Taking a Trip to Maghavuz, the New Northern Border of NK
The last time we were in Nagorno-Karabakh, it was in the midst of what is now referred to as “The Second Karabakh War,” and some villagers from Maghavuz had found refuge in the nearby forests. The 44-day renewal of hostilities between Armenia and Azerbaijan resulted in Armenia giving up a significant amount of land and launched a Russian peacekeeping mission in the breakaway state. We decided to visit Maghavuz, a village a dozen kilometers away from the new Northern border of NK, and capture those villagers as they grapple with loss and tell the story of the conflict from their own vantage points.
On the way to Stepanakert, the capital of Artsakh, our van passes a few Russian checkpoints.
“Military personnel? Weapons?” they ask.
“None,” the driver replies, and everyone shakes their heads.
As we pass by the entrance to the city of Shushi, the cultural gem of the region now under Azerbaijan’s control, passengers of the van lean toward their windows trying to get a closer look at the Azerbaijani flag. One of the journalists quotes Lorca: “We’re all curious about what might hurt us.”
A billboard in Stepanakert informs us that Putin is the Person of the Year 2020 according to a local magazine.
Stepanakert is bustling with life. In part, it is because of the internally displaced people from the captured areas. Nevertheless, the restaurants where one would often come across worried sergeant majors are now the meeting spots of schoolchildren. Peacekeepers are strolling the streets, asking the locals for directions. Rope dryers are heavy with clothes. The lights are on at night.
The market, which was shelled, has been restored. The smell of fresh bread and fragments of small talk hang in the air.
Karine tells us that during the war she told her 9-year-old grandson that he too will fight in the war when he grows up.
“But Grams, he asked anxiously, what if I get killed?” she laughs.
We buy tickets to Martakert, the northern district of Artsakh, at the Central Bus Station of Stepanakert. There’s an old-fashioned café right next to the ticket window where you can sip coffee as you wait for your ride.
Under the watchful eye of Jesus Christ, we are in Martakert in about an hour. “No destination in Karabakh is far anymore,” the driver remarks.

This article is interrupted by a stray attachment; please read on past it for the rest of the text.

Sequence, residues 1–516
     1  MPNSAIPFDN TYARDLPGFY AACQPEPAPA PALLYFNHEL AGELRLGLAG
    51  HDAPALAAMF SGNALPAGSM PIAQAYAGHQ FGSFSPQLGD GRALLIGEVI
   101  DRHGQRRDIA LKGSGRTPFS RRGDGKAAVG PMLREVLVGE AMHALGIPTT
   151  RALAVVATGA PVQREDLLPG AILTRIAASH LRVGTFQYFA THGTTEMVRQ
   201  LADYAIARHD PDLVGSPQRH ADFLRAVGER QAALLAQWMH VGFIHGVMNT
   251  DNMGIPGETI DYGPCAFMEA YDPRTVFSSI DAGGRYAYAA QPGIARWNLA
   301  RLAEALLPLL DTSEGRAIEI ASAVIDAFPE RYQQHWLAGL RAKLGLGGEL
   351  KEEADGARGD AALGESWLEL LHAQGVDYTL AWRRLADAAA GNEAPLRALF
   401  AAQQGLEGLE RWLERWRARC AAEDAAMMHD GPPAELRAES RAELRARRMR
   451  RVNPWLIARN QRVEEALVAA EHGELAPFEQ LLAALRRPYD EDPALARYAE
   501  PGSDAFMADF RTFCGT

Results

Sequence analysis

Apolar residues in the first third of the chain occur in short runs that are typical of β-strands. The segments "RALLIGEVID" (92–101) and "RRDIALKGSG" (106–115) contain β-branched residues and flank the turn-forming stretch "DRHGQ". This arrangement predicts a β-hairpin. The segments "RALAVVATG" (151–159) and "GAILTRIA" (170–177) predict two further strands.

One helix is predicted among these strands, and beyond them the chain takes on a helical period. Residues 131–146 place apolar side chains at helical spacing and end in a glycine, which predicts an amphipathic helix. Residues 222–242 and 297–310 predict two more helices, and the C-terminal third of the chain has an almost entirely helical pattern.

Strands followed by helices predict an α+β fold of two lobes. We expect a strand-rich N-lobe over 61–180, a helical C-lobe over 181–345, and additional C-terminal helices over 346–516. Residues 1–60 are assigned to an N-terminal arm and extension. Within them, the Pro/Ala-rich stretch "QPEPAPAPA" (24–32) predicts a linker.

Maghavuz, the village we’re headed to and the point where the peacekeepers’ mission ends in the North is then a 10-minute ride away.
When we get to the house of Artush and Armenuhi, he is feeding the pigs and she is knitting.
Armenuhi tells me it’s a romper for her grandson who was born a month after his 30-year-old father died in the war.
He is now in Yerevan with his mother.
We share with Armenuhi and Artush pictures of them hiding the shelling out in the forest in October. They spent the whole 44 days of war out in the open with their hunting rifles without proper nourishment or equipment, refusing to leave.
“Such good times,” she says. “He was alive then. And I didn’t know he was going to die. I wonder how I’ve managed to stay sane. Sometimes I still wait for him to open the door of the house, it’s like a fairy tale world we’ve constructed for ourselves.”
She tells us how attentive and gentle Andranik was, how he had the gift of seeing beauty everywhere. And adds:
“I hope no mother, not even an Azerbaijani mother, experiences this.”
The dawns in Maghavuz are particularly stunning.
The next day, after a quick breakfast at Armenuhi’s house, we set out to visit other villagers we had met in the forest.
Lyda, an 83-year-old woman who lives alone, assures us that if any Azerbaijanis trespass, she will immediately spot them on the horizon. She is a big fan of calendars and never throws them out.
Nora says she saw a couple of peacekeepers at the church and, to their great joy, gave them a chicken as a welcoming gift.
“But why did you return?” I ask grandma Nora, knowing she could have been safer in Yerevan.
“I’ve raised my six children in these mountains, have sung for them in these fields when I was young,” she replies.
Then in her room, she tells us in secret about being married off at 17 and trying to escape during the first month.
“It wasn’t for me, I wanted to be a teacher. I loved books, I wanted more,” Nora says.
“Our village is 4 kilometers away from the new border so we had to move here,” the boy in yellow says after boasting about being the oldest one. “Can’t stop the cows from wandering into their territory. Oh, and by the way, I stayed here with my dad the whole time, all through the shelling.”
“Such a liar,” says his mother afterward. “Of course we sent the kids to Armenia immediately.”
In the yard next to their house is a random pile of letters in Russian and Armenian. “How do you sleep there all alone?” one of the letters says. Another letter reads: “Anoushik is all grown up now. We tell her something in Armenian, she replies in Russian.”
It is Armed Forces Day. At the memorial, the villagers greet each plate with a hand touch, warming them up for a moment.
Artush is sizing up the wall. Soon his son Andranik and an 18-year-old Vahe Verdyan from Maghavuz will also be commemorated here.
The principal of the school and Andranik’s chemistry teacher have already added his portrait and biography to the classroom wall. Everyone’s biography says that they were hard-working students who had many friends.
In the hallway, above the portraits of those who have died in the previous war, is the second half of a famous saying by the 5th-century historian Eghishe: “To die unknowingly is death. To die knowingly is immortality.”
But who can know how many of those whose portraits are on these walls went into it knowingly?
Photos by Narek Aleksanyan
Written by Nare Navasardyan